Most policies (79%) did not outline any criteria for labelling a patient as incompetent. Possibly, the criteria are listed in another hospital protocol, but none of these policies referred to another such document. Only 34% of policies stated that a new NFR order was needed for a patient being re-admitted to hospital who had an order from a previous admission. While this figure may be higher in practice, more policies should indicate that a new order should be sought for every admission, as the patient’s health status and preference may have changed. However, it should be noted that no policy indicated that an order from a previous admission would be valid.
Among the strong points of Australian NFR policies is the fact that 89% identified the members of the medical team allowed to make NFR orders, compared with 75% of Dutch policies.2 Also, 86% of Australian policies stated the need for NFR orders to be reviewed, which mirrors the proportion in Canada (86%)9 but is higher than that in the Netherlands (61%).2 Regular review of NFR orders is important because of the possibility of significant clinical improvement that may result in resuscitation no longer being considered futile. However, 58% of policies did not outline the procedures to reverse NFR orders. A high proportion of policies in Australia (89%) indicated the need for a competent patient to be involved during the process of discussing NFR orders. Similar figures are reported elsewhere,2,9 indicating that there is global awareness about the importance of patient communication when implementing these decisions.
We found wide variation in the content of SOFs for the use of NFR orders. One could argue that particular details in NFR orders not included in the SOF could have been written in the patient’s clinical notes. However, only 13% of NFR policies indicated that NFR orders were to be written in both the SOF and clinical notes. A reassuring point of Australian SOFs is that 81% included documentation of discussion with the patient. Studies analysing use of SOFs show that NFR decisions are significantly more likely to be authorised by consultants,17,18 be in accordance with hospital guidelines,17 be reviewed when necessary,17 show clarity of documentation,18 have active patient participation17 and document reasons for the decision.18 More hospitals should therefore adopt the use of SOFs, from the current 39%.
Analysis of the content of PILs about NFR orders is limited by their low prevalence (3%) in Australian hospitals. PILs have been rated as useful and not a cause of unnecessary distress or offence.19
Our study had several limitations. Content analysis is potentially open to subjective bias. To reduce this likelihood, all documents were analysed by two independent reviewers, with differences resolved by consensus or a third reviewer. Hospitals with fewer than 60 beds, most of which were small district hospitals and respite care centres, were not included in our study as we considered that our preformed structured list of items would not apply to most of these if they had the relevant documents. A higher response rate could possibly have been obtained by including a self-addressed stamped envelope with the survey.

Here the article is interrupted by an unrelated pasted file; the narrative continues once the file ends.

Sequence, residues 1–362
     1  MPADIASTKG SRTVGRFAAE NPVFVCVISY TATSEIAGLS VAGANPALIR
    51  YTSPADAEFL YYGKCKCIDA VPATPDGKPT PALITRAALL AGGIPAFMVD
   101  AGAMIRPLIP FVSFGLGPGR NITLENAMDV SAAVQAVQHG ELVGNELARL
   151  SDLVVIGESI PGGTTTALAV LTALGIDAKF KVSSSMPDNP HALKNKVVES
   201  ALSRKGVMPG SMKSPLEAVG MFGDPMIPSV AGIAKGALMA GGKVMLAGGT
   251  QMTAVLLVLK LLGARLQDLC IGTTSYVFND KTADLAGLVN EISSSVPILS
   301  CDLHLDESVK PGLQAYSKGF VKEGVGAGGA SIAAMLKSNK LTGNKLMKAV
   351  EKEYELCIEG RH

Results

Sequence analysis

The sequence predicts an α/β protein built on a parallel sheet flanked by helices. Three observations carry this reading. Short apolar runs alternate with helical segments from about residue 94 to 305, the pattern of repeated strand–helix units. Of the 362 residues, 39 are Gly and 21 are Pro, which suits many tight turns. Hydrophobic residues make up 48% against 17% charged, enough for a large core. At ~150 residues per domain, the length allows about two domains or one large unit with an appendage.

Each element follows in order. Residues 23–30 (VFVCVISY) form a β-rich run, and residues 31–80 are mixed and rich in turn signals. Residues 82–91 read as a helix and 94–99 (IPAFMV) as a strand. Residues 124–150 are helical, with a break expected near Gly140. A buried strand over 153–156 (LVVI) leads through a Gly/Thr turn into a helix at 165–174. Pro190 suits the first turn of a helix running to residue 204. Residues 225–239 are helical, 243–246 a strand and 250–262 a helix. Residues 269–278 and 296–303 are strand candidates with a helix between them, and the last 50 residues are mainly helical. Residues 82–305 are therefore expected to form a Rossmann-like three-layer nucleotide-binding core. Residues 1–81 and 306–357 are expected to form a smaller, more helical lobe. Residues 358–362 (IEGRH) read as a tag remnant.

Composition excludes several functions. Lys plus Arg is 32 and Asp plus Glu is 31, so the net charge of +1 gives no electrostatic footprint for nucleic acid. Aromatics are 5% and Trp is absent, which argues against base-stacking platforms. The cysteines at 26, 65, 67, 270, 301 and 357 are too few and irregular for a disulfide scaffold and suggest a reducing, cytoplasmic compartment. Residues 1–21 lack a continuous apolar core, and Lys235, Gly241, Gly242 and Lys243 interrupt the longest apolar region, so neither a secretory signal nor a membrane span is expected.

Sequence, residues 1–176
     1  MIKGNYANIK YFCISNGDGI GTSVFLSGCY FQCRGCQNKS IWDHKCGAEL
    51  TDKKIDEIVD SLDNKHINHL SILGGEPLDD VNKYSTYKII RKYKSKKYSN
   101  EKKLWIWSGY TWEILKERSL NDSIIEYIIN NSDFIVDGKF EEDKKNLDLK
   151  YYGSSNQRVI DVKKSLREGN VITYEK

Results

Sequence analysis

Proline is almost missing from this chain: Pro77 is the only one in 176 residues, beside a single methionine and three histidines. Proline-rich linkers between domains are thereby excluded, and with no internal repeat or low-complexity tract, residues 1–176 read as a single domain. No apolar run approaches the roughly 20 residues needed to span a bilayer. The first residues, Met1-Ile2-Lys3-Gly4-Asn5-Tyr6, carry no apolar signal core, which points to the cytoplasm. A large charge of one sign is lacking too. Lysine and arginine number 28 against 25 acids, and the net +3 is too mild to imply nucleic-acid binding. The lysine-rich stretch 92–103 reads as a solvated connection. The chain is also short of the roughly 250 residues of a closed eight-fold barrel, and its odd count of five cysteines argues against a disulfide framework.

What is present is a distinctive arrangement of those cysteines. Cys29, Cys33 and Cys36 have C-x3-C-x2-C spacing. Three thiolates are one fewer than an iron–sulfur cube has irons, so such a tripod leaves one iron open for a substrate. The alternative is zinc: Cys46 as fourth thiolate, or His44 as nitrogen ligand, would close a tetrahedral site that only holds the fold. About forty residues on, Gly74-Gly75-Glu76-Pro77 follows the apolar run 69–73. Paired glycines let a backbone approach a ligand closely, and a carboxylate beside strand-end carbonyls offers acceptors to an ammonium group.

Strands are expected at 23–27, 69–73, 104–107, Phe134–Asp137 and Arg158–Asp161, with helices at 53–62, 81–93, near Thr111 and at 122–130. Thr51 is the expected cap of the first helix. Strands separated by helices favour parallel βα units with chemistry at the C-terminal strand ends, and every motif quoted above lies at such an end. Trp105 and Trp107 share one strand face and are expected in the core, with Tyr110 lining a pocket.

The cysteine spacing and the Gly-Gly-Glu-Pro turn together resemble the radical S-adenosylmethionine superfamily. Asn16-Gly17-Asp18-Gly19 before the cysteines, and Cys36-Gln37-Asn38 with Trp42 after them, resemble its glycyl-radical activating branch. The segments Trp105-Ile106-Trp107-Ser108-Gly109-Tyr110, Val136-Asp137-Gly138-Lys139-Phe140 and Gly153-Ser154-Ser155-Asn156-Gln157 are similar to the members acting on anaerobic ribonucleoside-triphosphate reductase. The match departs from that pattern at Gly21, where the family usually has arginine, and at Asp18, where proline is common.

A strength of our study was that there was no significant difference in the response rates based on hospital size, academic status or rural versus metropolitan location. Our findings are therefore less likely to be susceptible to non-response bias.
In conclusion, an NFR policy should be clear, concise and relevant to the hospital setting. Nevertheless, the presence of a policy does not guarantee that it will be followed.20 Proper understanding and implementation of an NFR policy may not be possible if hospital staff are not aware of its contents or if the document is seen to be too complicated.21 Australian hospitals should be encouraged to formulate NFR policies, utilise standardised order forms when implementing these policies and allow for the provision of patient information leaflets. The content of existing documents should be reviewed based on the findings of this study, which add an Australian perspective to an important issue. Variations in state/territory recommendations and legislation should be taken into account when formulating these documents.
1 Characteristics of hospitals with written policies and standardised order forms (SOFs) for use of not-for-resuscitation (NFR) orders
2 Definitions and documentation in written hospital policies for use of not-for-resuscitation (NFR) orders
3 Procedural aspects in written hospital policies for use of not-for-resuscitation (NFR) orders
4 Aspects of patient autonomy in written hospital policies for use of not-for-resuscitation (NFR) orders
5 Content of standardised order forms for not-for-resuscitation (NFR) orders
Received 16 May 2006, accepted 14 September 2006